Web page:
A numerical method to estimate spectral properties of nonlinear oscillators with random input is presented. The stationary system response is expanded into a trigonometric Fourier series. A set of nonlinear algebraic equations, solved by Newton's method, leads to the determination of the unknown Fourier series coefficients of single samples of the response process. For cubic polynomial nonlinearities, closed-form expressions are used to find the nonlinear terms at each step of the solution scheme. Further, a simple procedure yields an approximation of an arbitrary nonlinearity by a cubic polynomial. Power spectral density estimates for the response process are constructed by averaging the square modulus of the computed Fourier coefficients over various samples or by means of well-established smoothing techniques of spectral analysis. Two applications are presented illustrating the effectiveness of the method as compared to statistical linearization and digital Monte-Carlo simulation.

title = "A Galerkin approach for power spectrum determination of nonlinear oscillators",

abstract = "A numerical method to estimate spectral properties of nonlinear oscillators with random input is presented. The stationary system response is expanded into a trigonometric Fourier series. A set of nonlinear algebraic equations, solved by Newton's method, leads to the determination of the unknown Fourier series coefficients of single samples of the response process. For cubic polynomial nonlinearities, closed-form expressions are used to find the nonlinear terms at each step of the solution scheme. Further, a simple procedure yields an approximation of an arbitrary nonlinearity by a cubic polynomial. Power spectral density estimates for the response process are constructed by averaging the square modulus of the computed Fourier coefficients over various samples or by means of well-established smoothing techniques of spectral analysis. Two applications are presented illustrating the effectiveness of the method as compared to statistical linearization and digital Monte-Carlo simulation.",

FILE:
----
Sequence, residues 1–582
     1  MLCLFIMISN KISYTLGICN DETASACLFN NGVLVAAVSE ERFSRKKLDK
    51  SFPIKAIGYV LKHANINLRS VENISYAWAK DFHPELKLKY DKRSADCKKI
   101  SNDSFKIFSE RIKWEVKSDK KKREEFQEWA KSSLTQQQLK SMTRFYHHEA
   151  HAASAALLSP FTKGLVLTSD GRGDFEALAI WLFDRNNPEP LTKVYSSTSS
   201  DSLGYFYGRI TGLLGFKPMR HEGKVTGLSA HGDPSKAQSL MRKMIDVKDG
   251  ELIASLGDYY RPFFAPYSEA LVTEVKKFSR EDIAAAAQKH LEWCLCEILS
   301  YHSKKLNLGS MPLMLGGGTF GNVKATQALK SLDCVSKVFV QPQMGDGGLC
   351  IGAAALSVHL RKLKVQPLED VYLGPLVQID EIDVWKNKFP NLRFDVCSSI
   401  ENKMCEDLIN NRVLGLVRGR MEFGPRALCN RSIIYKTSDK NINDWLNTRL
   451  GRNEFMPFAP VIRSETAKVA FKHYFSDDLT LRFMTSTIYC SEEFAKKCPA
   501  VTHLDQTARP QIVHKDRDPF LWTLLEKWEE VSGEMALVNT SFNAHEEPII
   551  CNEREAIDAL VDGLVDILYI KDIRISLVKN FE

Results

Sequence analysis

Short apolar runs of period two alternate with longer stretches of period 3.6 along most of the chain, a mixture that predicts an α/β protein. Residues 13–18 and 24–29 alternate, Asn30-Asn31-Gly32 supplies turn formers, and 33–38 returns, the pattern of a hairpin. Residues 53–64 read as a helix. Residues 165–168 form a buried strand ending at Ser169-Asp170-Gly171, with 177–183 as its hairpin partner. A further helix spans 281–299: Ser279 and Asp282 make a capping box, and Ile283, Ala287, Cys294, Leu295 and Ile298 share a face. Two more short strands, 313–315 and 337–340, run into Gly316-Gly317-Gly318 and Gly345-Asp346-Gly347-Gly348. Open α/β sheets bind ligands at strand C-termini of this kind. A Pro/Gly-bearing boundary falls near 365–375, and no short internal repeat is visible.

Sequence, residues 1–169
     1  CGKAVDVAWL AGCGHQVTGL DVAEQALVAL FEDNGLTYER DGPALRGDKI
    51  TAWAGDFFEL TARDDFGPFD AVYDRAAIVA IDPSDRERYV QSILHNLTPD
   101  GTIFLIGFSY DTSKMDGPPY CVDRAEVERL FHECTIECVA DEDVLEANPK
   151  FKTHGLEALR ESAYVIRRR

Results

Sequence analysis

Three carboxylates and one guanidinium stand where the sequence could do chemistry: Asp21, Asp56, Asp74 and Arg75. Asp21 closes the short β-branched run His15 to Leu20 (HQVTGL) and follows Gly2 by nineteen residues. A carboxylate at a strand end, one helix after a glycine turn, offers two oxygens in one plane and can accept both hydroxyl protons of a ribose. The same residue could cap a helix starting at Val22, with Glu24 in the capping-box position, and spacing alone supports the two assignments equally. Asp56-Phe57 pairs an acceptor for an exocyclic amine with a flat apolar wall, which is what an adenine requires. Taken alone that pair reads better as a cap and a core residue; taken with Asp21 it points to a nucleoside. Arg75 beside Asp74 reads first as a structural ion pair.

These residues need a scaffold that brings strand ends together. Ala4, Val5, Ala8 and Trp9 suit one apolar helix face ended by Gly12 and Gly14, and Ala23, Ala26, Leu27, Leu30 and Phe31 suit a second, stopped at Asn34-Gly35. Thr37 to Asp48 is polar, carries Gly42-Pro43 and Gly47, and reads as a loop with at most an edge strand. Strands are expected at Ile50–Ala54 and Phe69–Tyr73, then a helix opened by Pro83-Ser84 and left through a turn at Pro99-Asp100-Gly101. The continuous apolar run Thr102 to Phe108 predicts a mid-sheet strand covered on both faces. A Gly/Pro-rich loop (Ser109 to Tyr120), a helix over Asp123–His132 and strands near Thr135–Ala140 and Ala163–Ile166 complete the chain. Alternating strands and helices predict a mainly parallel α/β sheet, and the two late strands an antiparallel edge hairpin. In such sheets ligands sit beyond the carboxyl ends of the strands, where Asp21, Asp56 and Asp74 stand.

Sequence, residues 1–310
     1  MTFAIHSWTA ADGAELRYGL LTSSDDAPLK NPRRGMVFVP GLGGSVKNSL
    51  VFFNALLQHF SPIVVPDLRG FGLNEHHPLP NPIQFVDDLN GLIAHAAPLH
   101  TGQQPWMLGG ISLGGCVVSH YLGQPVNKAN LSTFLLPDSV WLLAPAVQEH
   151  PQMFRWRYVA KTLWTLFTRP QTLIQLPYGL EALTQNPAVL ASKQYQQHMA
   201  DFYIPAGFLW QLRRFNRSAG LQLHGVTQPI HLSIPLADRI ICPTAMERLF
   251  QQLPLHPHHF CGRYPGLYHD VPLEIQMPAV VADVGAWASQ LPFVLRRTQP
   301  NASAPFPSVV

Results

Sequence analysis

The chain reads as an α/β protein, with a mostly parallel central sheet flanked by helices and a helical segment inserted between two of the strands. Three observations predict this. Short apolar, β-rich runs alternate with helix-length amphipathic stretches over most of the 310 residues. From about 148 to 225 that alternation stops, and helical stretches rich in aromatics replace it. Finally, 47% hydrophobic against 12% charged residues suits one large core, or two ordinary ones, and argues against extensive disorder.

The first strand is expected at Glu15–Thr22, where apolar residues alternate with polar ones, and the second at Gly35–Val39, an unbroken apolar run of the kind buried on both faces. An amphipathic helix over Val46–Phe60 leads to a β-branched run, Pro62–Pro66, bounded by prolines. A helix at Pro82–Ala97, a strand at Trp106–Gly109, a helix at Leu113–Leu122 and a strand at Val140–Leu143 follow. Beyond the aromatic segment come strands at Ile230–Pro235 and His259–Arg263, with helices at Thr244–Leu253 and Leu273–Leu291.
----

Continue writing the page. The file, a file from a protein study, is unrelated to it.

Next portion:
author = "{Di Paola}, Mario and Spanos, {Pol D.}",

year = "2002",

language = "English",

volume = "37",

pages = "51--65",

journal = "Meccanica",

issn = "0025-6455",

publisher = "Springer Netherlands",

}

TY - JOUR

T1 - A Galerkin approach for power spectrum determination of nonlinear oscillators

AU - Di Paola, Mario

AU - Spanos, Pol D.

PY - 2002

Y1 - 2002

N2 - A numerical method to estimate spectral properties of nonlinear oscillators with random input is presented. The stationary system response is expanded into a trigonometric Fourier series. A set of nonlinear algebraic equations, solved by Newton's method, leads to the determination of the unknown Fourier series coefficients of single samples of the response process. For cubic polynomial nonlinearities, closed-form expressions are used to find the nonlinear terms at each step of the solution scheme. Further, a simple procedure yields an approximation of an arbitrary nonlinearity by a cubic polynomial. Power spectral density estimates for the response process are constructed by averaging the square modulus of the computed Fourier coefficients over various samples or by means of well-established smoothing techniques of spectral analysis. Two applications are presented illustrating the effectiveness of the method as compared to statistical linearization and digital Monte-Carlo simulation.

AB - A numerical method to estimate spectral properties of nonlinear oscillators with random input is presented. The stationary system response is expanded into a trigonometric Fourier series. A set of nonlinear algebraic equations, solved by Newton's method, leads to the determination of the unknown Fourier series coefficients of single samples of the response process. For cubic polynomial nonlinearities, closed-form expressions are used to find the nonlinear terms at each step of the solution scheme. Further, a simple procedure yields an approximation of an arbitrary nonlinearity by a cubic polynomial. Power spectral density estimates for the response process are constructed by averaging the square modulus of the computed Fourier coefficients over various samples or by means of well-established smoothing techniques of spectral analysis. Two applications are presented illustrating the effectiveness of the method as compared to statistical linearization and digital Monte-Carlo simulation.